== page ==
President Obama's push for Net Neutrality leaves room for carrier control of wireless networks

President Obama's push for Net Neutrality leaves room for carrier control of wireless networks
President Obama made big headlines today by formally asking the FCC to reclassify consumer broadband service under Title II of the Telecommunications Act, effectively making it a public utility, and ensuring Net Neutrality protections for consumers. The plan would mean no internet "fast lanes", no paid prioritization, no blocking, no throttling, and more transparency from ISPs. However, the plan does leave room for wireless networks to be separate from this.

For much of the president's statement on what he would like to see, he refers to cable and phone companies, and consumer broadband. However, President Obama does specifically note that he thinks "the FCC should make these rules fully applicable to mobile broadband as well, while recognizing the special challenges that come with managing wireless networks." And, it's that last bit that is slightly troubling in terms of Net Neutrality, because the internet is the internet, regardless of how it is delivered to users, and leaving the door open on wireless is a slippery slope.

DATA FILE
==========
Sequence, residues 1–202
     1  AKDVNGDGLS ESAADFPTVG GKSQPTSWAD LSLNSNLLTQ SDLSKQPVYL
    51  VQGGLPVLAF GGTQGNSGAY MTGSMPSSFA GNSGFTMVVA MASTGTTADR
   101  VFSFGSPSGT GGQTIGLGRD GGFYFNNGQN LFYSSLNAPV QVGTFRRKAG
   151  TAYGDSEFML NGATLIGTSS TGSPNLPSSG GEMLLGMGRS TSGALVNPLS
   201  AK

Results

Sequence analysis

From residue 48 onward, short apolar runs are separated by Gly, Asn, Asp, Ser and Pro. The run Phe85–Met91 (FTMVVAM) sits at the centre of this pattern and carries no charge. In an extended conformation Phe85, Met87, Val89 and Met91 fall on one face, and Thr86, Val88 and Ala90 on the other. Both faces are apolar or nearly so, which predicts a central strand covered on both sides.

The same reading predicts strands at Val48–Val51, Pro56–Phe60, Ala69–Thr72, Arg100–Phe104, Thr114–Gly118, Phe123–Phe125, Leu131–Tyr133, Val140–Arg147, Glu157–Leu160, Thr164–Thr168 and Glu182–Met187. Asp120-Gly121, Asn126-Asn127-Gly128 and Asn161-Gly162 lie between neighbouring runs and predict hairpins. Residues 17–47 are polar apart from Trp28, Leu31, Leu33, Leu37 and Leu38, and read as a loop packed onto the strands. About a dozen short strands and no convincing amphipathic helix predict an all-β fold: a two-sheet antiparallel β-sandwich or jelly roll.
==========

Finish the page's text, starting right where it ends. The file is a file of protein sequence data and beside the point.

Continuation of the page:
Of course, it should be made clear that this is nothing more than a recommendation from President Obama, who fully admits in his statement that the FCC is an independent agency, and ultimately this decision is theirs alone." The recommendation carries weight, but that's all it is - a recommendation. We'll have to wait and see what the FCC will do. 

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